“Brother, I think that necklace is causing you too much trouble,” the female speaker advises amidst a gun firing and Spaghetti Western sound bytes.
On “Necklace,” a classic Wu- sounding posse cut produced by frequent collaborator, 4th Disciple, Cappadonna, Raekwon, Ghostface Killah, and GZA go in; proceeding to brag about the chains they wear around their necks despite the trepidation felt by the young woman.
Unfortunately, that feeling of apprehension wasn’t limited simply to the samples on Wu-Tang Clan’s first album in seven years. Animosity and tumult surrounded A Better Tomorrow ‘s recording process; citing creative differences and at one point, question marks proliferated as to whether or not Raekwon would even be a part of it.
Thankfully for us RZA and Rae made nice, and after numerous delays a release date was finally set.
A Better Tomorrow takes off with RZA summoning the legendary aesthetics of the prolific Enter the Wu-Tang (36 Chambers), warning an anonymous listener,“After all these years, what you said was true. The Shaolin and the Wu-Tang is very dangerous.” A welcoming, maniacal laugh and proclamation from none other than Ol’ Dirty Bastard fills the sound waves as the track erupts into a gunshot laden organ outbreak.
On the excellently titled, “Ruckus in B Minor,” the de facto leader is right: Wu-Tang Clan do indeed sound dangerous and deliver a whopping seven verses to prove it. Inspectah Deck furiously spits pop culture references over RZA and Rick Rubin’s scrupulous production while GZA paints vividly poetic images immersed in art and existentialism,
“Form circles like the rings of Saturn/ Dust, rocks and ice in a particular pattern/ Then this fascinating picture has emerged from surface/ A wonder of the young world with an urgent purpose.”
From U-God’s tumbling flow to Method Man’s smooth bridge; even after twenty years, the Wu still got it.
The momentum continues on the fantastic yet somber, string-filled, “Felt.” Heavy verses from Masta Killa, Cappadonna, Ghostface and Method Man see them spilling their guts over past triumphs, tribulations and what the future holds; fraught with allusions, including Jesus’ moment of wavering faith and Cappadonna’s incarceration.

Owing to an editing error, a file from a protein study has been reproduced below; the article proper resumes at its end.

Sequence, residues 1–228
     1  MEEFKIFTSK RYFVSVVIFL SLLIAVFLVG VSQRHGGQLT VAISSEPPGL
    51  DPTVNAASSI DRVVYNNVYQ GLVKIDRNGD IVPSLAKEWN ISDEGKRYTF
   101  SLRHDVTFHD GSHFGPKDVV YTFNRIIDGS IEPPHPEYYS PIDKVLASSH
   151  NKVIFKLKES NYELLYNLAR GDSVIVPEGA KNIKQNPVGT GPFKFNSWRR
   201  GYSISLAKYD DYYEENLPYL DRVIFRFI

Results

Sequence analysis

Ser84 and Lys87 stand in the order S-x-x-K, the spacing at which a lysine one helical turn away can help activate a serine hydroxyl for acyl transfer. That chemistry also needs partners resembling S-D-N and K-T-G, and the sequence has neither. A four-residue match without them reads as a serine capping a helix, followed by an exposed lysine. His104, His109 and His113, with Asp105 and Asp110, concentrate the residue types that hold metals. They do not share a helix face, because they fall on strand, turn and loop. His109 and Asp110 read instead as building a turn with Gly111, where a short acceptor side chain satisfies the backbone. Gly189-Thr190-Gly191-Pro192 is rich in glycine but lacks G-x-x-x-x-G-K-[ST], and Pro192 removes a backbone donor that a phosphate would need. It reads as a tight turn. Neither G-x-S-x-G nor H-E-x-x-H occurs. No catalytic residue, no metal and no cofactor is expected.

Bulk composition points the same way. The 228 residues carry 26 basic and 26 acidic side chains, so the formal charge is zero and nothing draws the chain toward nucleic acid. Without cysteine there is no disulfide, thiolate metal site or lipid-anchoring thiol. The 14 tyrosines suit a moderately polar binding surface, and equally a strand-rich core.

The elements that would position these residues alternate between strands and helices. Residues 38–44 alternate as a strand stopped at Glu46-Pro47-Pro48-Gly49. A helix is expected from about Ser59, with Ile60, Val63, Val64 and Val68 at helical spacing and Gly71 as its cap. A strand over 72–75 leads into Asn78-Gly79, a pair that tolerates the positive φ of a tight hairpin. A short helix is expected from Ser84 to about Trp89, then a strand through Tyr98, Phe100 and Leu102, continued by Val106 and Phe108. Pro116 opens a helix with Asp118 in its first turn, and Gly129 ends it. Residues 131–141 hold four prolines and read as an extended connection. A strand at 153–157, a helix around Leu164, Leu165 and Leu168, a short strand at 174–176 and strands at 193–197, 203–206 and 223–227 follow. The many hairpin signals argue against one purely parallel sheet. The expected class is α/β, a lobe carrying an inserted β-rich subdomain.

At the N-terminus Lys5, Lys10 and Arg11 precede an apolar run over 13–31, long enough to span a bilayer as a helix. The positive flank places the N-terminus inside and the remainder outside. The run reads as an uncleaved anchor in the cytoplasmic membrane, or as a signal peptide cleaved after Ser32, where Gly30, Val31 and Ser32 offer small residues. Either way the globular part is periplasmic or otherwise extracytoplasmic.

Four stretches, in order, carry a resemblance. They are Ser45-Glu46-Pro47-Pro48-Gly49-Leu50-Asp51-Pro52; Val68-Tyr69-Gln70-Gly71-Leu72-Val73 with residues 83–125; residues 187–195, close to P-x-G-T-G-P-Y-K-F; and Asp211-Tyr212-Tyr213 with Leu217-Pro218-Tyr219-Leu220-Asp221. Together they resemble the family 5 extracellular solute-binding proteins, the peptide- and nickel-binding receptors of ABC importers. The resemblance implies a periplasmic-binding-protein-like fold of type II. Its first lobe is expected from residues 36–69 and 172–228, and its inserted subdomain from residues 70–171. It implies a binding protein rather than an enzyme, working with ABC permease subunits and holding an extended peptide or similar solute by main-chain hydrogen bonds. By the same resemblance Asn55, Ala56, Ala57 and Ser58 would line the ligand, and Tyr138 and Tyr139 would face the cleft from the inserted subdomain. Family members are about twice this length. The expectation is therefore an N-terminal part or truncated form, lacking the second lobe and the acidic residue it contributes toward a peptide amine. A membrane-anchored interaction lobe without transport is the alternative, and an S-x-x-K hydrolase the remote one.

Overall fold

While the work’s production boasts an array of sounds and genres, A Better Tomorrow is at its best and most engaging when it evokes the past; utilizing the oriental ambience they’ve become so well known for with tracks like aforementioned “Necklace,” “Pioneer the Frontier,” and single, “Ron O’Neal.”
However, the latter reveals the glaring crack in the armor of A Better Tomorrow: the guest hooks.
One can begin to understand Raekwon’s reluctance to join the project after hearing the opening of a track like “Miracle,” a complete sonic departure from anything Wu. Collaborator, Nathaniel, belts out the chorus like a Disney prince accompanied by his princess in a forest of talking animals, his diction dripping with sing song melodrama.
A group that once brought the ruckus seems to be scoring uplifting children’s cartoons with this hook; quite disappointing given the great verses that surround it. The chorus alone propels “Miracle” into the realm of unlistenable.
It’s difficult to say how A Better Tomorrow will impact the legacy of Wu-Tang Clan. Among these commercialized hooks, hip hop sustenance does in fact shine through. RZA recently stated that he’s not in the same creative space as he was in the 90’s and that’s very clear here. The progression of an artist’s sound reveals musical talent, I’m just not sure some of these progressive pop by-products fit the Clan’s philosophy.
Regardless, while A Better Tomorrow may have its hiccups, the work still maintains some of the unique ferocity and hunger we’ve grown to love from our favorite Kung-fu obsessed rap icons.
Is it as essential as 36 Chambers? Certainly not, but for Wu faithfuls, there’s still something to be excited for.